There are several graphical updates too – including a motion blur affect that looks really nifty on a nice computer. I am not sure if that is something I would like or not, but depending how it impacts my FPS it may be irrelevant anyway. There is the usual batch of very minor adjustments and fixes, none of which particularly sparks my enthusiasm.

Overall this is clearly a smaller patch, but I think it will be a good one. With the exception of Italy – which I believe is going to be rolled up in the European tree – this will mean all the major participants of World War 2 are now represented in game. While not “complete” it does make it feel like that is a good place now to conduct some of the further modelling upgrades that are being talked about for 2014, giving the game a facelift. Roll on.

  1. seanas said:

    I too think that the ability of AP and APCR rounds to go through previously solid objects will be a major gameplay change: on the test server, fighting in the town on the new Japanese map, I found myself tracked then killed in short order by the other side shooting through my (previously hard, now soft) cover.

    I think the change will a: further drive a nail in the coffin of HEAT firing tanks: APCR already is superior, due to overmatching, normalisation and the fact that tracks get treated as spaced armour for HEAT but not APCR; add to that the inability of HEAT to penetrate soft cover, and well, why run a tank that uses HEAT if it doesn’t also have an APCR option?

    Further, it will likely have significant on medium (and light) play: it will be a lot harder to hide from TD guns of doom now; it will require a lot more active play AND/OR camo usage. Things like fighting in towns (if not cities) on most maps will be a lot harder, as buildings become soft cover now – although aiming might still be dificult if there’s no outlined tank to aim at.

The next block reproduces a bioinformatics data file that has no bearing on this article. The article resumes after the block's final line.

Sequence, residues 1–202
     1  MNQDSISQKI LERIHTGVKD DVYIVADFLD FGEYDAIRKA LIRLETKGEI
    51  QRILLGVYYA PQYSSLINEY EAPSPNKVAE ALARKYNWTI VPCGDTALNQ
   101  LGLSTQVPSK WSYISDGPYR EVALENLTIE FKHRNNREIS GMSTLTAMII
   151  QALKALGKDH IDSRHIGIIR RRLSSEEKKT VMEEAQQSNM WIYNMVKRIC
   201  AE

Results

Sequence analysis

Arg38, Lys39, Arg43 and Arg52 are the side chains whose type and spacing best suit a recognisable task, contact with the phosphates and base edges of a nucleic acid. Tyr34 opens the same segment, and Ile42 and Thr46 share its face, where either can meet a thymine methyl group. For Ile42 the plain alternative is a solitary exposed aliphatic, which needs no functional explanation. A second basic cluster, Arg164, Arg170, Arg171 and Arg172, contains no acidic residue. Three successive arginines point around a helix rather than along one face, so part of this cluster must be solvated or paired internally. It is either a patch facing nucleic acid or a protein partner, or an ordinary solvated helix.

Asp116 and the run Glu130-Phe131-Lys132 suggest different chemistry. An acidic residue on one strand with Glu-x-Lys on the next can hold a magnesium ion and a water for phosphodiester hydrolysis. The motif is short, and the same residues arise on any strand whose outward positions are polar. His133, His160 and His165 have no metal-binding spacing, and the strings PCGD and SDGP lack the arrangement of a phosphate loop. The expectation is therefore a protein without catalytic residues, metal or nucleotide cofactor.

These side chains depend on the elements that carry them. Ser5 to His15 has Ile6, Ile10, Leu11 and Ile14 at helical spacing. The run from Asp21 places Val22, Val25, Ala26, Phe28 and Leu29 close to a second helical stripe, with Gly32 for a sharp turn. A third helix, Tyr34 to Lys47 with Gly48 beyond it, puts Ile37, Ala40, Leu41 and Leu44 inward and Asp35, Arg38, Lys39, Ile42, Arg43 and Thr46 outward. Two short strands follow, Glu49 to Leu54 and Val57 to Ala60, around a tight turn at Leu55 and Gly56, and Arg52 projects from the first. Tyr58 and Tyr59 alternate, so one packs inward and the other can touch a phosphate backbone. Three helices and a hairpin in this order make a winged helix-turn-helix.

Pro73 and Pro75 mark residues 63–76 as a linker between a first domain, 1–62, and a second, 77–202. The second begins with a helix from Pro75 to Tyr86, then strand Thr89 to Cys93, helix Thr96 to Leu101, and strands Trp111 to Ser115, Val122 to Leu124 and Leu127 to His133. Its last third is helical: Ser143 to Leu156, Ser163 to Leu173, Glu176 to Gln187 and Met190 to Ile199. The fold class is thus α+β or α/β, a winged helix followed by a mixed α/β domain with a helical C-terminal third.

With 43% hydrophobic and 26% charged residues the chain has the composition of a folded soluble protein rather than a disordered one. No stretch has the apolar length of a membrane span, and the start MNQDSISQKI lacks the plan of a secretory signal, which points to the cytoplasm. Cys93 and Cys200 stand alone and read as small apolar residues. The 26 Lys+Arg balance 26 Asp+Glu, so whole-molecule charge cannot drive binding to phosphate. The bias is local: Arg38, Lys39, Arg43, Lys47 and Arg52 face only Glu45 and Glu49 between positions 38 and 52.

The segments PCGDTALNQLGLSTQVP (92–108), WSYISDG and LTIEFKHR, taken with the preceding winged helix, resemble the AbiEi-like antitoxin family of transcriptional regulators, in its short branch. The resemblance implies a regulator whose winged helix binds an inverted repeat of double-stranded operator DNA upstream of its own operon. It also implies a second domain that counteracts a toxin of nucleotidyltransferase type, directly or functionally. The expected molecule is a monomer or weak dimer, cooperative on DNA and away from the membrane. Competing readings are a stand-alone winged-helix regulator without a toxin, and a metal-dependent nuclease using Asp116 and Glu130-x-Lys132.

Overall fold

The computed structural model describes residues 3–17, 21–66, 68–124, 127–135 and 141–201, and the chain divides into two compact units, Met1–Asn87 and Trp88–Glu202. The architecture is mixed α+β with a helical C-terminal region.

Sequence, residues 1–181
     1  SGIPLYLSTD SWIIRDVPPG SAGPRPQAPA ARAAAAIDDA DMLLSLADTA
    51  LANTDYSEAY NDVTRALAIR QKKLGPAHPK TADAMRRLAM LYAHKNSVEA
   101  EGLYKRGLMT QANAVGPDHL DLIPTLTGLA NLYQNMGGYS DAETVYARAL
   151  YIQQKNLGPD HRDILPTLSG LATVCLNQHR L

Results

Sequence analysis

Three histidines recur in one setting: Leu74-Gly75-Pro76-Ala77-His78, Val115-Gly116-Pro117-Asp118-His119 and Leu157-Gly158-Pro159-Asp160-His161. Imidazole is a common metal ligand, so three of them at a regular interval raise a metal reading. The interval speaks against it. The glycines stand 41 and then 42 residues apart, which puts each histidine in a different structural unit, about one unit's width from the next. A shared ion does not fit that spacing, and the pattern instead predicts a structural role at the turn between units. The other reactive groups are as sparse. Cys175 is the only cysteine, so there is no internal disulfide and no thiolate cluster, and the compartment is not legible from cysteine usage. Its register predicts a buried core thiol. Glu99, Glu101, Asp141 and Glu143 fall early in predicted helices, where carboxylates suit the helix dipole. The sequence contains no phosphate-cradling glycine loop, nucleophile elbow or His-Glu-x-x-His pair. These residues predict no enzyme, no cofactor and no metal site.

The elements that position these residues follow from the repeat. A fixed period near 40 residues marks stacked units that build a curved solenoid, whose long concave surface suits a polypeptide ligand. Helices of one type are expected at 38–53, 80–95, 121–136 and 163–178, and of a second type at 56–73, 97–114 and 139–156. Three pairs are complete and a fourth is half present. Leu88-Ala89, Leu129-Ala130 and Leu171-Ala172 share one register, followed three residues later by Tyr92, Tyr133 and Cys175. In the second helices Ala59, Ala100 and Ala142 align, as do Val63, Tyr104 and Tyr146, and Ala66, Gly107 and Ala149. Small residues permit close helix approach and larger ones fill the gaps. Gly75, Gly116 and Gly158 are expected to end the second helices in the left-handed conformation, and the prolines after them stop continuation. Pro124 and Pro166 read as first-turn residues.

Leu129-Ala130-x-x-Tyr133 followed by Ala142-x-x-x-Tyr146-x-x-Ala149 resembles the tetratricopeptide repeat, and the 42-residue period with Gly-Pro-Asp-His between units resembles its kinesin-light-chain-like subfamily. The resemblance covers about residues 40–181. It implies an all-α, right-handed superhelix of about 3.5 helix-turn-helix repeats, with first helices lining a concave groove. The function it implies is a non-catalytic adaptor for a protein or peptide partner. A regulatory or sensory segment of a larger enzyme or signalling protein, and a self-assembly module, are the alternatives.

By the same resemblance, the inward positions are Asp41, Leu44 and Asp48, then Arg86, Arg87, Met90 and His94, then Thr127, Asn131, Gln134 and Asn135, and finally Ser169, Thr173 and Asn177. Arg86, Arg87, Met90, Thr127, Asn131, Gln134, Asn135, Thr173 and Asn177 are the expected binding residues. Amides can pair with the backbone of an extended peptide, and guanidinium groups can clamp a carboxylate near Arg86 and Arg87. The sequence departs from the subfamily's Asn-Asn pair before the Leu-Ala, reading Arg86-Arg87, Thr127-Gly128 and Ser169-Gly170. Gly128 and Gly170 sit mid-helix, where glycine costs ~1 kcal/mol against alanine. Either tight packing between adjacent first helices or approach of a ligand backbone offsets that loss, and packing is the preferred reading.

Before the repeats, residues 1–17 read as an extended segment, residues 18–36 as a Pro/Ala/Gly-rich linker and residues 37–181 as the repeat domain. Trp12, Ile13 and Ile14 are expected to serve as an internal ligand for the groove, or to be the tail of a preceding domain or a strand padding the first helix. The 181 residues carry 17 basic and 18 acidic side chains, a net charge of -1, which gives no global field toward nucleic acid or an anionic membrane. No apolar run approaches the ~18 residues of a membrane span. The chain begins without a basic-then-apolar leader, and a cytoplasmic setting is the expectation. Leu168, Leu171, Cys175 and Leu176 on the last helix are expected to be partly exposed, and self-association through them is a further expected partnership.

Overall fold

Hard to say though if this makes gameplay more fluid – because more active avoidance – or more static – less risk-taking – but it’s certainly going to change gameplay significantly.

    • stnylan said:

      I think if it does mean that HEAT gets too unbalanced from APCR the pendulum will swing another way in a later update. You can see this happening a little already in some of the arty changes that have taken place – the most recent changes have actually been mild buffs. I am looking forward to see how the dynamic of fighting in soft-cover towns like those in Sand River and Sacred Valley change.

      I do agree with your concern about possibly making static gameplay more likely, though I also suspect if it does then better players will find ways to exploit that static gameplay to their advantage. After all, there is nothing more vulnerable than a flanked, tracked TD.